Maths - Clifford Algebra - Geometrical Interpretation

These pages explain how geometric algebra can be used to represent geometric objects. We start with vectors (quantities with direction and magnitude) we then go on to combine these to give planes and higher order objects. The various types of element are discussed on this page.


A vector can represent a line which starts at the origin and ends at some given point, a bivector can represent a plane, which in turn can represent a direction of rotation.

All of these quantities go through the origin, this is due to the linear nature of the algebra that we are working with, in many cases this is not a problem. For example, we often want to calculate rotations around the origin, if we need displacements from the origin it is often easiest to deal with these separately. It is possible to use geometric algebra to work with elements that do not go through the origin, this is explained on the pages that deal with projective and conformal space, but for now we will keep things simple and concentrate on elements that go through the origin.


If we have two vectors then they define a plane (assuming the vectors are different from each other). note: for now all these quantities go through the origin. That is, there is only one plane which contains both vectors. This is similar to a union operation 'U' in set theory except that the plane contains not only the vectors A and B but also all the other vectors in that plane.

Join Example

Lets start with the simple case of the basis vectors e1 and e2. The join is e1^e2 this is a plane and can't be simplified further.


More about join on this page.


If we have two planes then they define a vector (assuming the planes are different from each other). That is along the line where the planes intersect so this is similar to the intersection operation in set theory.

Meet Example

Lets start with the simple case of the basis bivectors e3^e1 and e1^e2. The meet is e1 we can see that this is the vector common to both planes.



There are many types of translation that we can apply to our elements such as: rotation,scaling,translation,reflection, projection (parallel), projection (perpendicular) discussed in more detail on this page.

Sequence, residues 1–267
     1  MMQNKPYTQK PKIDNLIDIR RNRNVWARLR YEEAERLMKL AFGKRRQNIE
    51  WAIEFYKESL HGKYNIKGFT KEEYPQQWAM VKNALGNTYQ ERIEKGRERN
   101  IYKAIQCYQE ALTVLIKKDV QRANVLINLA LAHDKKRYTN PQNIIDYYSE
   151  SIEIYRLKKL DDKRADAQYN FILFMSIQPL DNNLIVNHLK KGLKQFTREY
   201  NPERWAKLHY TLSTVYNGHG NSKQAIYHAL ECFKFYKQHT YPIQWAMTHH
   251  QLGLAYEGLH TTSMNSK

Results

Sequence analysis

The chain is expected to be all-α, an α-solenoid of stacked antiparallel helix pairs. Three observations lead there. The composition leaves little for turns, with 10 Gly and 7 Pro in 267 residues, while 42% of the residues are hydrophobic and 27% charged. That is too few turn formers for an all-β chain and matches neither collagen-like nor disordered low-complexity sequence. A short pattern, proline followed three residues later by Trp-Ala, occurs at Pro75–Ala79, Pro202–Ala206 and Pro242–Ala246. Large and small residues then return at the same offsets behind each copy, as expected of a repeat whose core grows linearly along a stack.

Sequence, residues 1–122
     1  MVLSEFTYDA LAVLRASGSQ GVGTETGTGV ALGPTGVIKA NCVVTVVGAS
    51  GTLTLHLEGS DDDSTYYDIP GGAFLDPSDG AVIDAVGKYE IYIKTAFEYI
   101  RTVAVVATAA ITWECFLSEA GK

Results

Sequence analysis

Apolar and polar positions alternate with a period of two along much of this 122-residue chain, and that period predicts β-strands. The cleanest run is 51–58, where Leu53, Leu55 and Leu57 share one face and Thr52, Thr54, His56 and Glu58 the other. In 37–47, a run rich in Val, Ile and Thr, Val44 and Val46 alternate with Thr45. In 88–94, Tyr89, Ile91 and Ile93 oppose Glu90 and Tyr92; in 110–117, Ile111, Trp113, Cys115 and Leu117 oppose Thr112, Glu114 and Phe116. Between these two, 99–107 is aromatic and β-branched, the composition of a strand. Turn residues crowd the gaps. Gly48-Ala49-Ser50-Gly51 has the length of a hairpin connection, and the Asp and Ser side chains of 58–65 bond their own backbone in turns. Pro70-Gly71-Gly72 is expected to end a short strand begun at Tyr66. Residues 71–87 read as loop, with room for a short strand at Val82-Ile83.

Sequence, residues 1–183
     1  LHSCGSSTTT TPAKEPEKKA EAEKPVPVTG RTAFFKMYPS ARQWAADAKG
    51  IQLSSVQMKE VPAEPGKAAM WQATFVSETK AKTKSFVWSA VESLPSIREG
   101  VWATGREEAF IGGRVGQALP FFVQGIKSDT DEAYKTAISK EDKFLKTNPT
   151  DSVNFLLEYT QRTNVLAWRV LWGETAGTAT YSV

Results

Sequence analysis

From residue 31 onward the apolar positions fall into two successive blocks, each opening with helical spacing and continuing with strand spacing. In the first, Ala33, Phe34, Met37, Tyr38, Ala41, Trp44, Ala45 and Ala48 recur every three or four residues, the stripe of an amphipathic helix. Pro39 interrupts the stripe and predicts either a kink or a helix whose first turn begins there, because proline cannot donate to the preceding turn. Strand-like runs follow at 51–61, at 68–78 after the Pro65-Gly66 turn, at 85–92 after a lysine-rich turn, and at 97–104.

Perhaps the most useful is rotation, this is done using two geometric multiplications, 'sandwiching' the element being rotated.

We often need to transform points which, unlike the other types of elements discussed on this page, are displaced from the origin and then we want to rotate them around the origin.


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Correspondence about this page

Book Shop - Further reading.

Where I can, I have put links to Amazon for books that are relevant to the subject, click on the appropriate country flag to get more details of the book or to buy it from them.

flag flag flag flag flag flag Clifford Algebra to Geometric Calculus: A Unified Language for Mathematics and Physics (Fundamental Theories of Physics). This book is intended for mathematicians and physicists rather than programmers, it is very theoretical. It covers the algebra and calculus of multivectors of any dimension and is not specific to 3D modelling.


flag flag flag flag flag flag New Foundations for Classical Mechanics (Fundamental Theories of Physics). This is very good on the geometric interpretation of this algebra. It has lots of insights into the mechanics of solid bodies. I still cant work out if the position, velocity, etc. of solid bodies can be represented by a 3D multivector or if 4 or 5D multivectors are required to represent translation and rotation.


Terminology and Notation

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